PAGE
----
I’m rather shocked at the lack of modern touchscreens running RasPi and a cheap 150w 2.1 amplifier retrofitted into old Philco boxes. There are dozens of stripped out ones sold by radio repair shops on Marketplace…
I think the problem is that the original power supply and tuning board are filling the inside of the radio, and findin space for an RPi and a DAC it’s a challenge. Not to mention that having the Pi near the AM circuits will mak them unusable due the interference. Tivoli makes DAB/Bluetooth/Wifi radios in the same form factor of the analogue model one, they moved the speaker upside and put button and a display on the front.
Anoter problem with that radio is the quality of the original variable tuning capacitor isn’t high quality, and tends after a couple of year of use, to make tuning difficult.
I think he was going to gut the original radio components and replace all except speaker and front panel.
I bought one of these at a yard sale. Unfortunately t it just makes a buzzing sound when it is turned on. I want to restore the original radio functionality. I think it is too gorgeous system to mod. Can anyone help with suggestions, schematics or documentation?
Suspect the filter electrolytic capacitor in the power supply has dried out and should be replaced. Please check the voltages with either an oscilloscope or a good volt meter – looking for an ac voltage ripple. Usually an inexpensive and ez fix.
I bought one of those Tivoli Audio Model Ones about 10 years ago to replace my dead Advent Model 400 FM radio that I bought about 44 years ago. The Advent Model 400 digital conversion would have been cooler but I tossed it in the electronic recycle at the dump.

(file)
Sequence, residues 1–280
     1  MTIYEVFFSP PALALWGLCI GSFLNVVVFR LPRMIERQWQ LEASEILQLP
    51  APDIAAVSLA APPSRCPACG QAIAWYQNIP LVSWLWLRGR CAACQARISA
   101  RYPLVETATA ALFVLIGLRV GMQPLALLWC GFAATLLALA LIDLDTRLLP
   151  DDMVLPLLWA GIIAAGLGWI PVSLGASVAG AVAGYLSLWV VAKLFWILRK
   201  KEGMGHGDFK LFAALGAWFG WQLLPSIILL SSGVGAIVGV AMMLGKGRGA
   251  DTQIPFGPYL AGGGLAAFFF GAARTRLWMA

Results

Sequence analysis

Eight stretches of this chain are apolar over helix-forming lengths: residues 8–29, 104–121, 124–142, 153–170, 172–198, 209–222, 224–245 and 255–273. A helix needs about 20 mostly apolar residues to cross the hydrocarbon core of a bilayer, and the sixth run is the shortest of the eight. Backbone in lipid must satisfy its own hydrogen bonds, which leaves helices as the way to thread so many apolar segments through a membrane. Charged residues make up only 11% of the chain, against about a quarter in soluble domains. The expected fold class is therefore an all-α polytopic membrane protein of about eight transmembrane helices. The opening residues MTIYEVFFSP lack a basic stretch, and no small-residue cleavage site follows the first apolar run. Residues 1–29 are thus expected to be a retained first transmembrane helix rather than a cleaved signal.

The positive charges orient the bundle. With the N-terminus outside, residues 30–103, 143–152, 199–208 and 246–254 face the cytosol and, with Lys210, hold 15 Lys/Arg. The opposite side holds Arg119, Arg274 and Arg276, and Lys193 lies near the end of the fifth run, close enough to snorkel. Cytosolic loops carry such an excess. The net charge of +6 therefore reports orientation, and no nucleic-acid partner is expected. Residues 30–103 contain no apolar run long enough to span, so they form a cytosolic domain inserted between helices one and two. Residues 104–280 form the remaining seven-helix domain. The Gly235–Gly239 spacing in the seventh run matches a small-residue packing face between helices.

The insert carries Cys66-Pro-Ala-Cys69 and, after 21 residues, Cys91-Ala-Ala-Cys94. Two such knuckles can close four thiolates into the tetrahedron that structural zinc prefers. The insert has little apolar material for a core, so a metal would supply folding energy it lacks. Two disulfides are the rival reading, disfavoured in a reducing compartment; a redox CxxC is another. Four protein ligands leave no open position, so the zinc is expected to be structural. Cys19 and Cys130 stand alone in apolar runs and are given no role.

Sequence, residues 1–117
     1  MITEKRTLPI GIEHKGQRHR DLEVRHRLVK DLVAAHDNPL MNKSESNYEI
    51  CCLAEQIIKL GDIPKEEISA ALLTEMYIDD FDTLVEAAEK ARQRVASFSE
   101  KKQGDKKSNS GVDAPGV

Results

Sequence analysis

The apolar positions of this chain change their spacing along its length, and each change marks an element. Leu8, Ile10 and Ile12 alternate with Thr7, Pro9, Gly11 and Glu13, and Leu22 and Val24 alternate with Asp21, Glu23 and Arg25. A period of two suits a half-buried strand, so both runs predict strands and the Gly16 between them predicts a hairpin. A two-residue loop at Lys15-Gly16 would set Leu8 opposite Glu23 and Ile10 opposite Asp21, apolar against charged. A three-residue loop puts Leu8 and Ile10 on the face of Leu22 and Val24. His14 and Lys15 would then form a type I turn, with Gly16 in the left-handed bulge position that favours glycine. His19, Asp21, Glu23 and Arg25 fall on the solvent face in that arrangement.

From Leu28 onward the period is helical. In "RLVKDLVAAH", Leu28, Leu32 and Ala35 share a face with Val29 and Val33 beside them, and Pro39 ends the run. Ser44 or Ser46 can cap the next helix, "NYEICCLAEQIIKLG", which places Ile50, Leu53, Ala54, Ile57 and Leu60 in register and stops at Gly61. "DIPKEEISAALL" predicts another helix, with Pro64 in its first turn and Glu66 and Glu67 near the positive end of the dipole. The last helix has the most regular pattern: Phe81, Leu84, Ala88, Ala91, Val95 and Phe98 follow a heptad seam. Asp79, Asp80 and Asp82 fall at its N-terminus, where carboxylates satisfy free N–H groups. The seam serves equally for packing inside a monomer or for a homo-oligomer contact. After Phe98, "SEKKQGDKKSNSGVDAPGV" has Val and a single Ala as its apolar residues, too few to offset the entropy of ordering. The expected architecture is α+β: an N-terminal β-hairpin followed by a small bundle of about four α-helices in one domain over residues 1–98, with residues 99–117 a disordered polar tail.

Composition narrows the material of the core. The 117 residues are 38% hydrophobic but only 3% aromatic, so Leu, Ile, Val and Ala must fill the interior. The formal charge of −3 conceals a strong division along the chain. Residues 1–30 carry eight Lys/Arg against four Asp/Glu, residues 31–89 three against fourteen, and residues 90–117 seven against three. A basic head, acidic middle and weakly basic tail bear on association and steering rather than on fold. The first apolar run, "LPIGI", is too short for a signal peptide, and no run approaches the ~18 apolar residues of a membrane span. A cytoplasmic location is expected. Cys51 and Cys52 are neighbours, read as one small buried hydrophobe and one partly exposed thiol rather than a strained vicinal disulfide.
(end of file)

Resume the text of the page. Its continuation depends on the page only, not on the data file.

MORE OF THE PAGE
Now that I listen to a lot of radio stations on the web I find new roadblocks to such elegant point the “dial” to WFMT Chicago’s fine arts station. Philadelphia’s WXPN ought to be here on that dial for us hackers. On any Sunday 01:00 to 06:00 Eastern for Stars End the finest electronic-space music on earth for over 40 years. A week or 2 ago they discontinued the simple stream that 1 click sends to VLC and thru phone or internet device to hear.
Now it’s off to their main website and prove your humanity to find the little button to start the stream. Phone in pocket is a no go to listen now. Tired of them pushing an APP to listen anyway.
There are the blind who have $$$ subsidized radios like this and they are getting screwed when standard streams are discontinued. It’s time for ADA accessibility to be maintained by Public Radio stations.
Sad truth, excellent point. Our digital obsession and the $ that drives it relies on visual screens and being a sighted end user. Definitely an ADA issue.
You could use the internetarchive command line ia to download from https://archive.org/details/starsend
That could be used in a script to play through an ADA compatible interface. Turn the knob and it would flip through available episodes, announcing using TTS and after short delay of not rotating knob, play streams.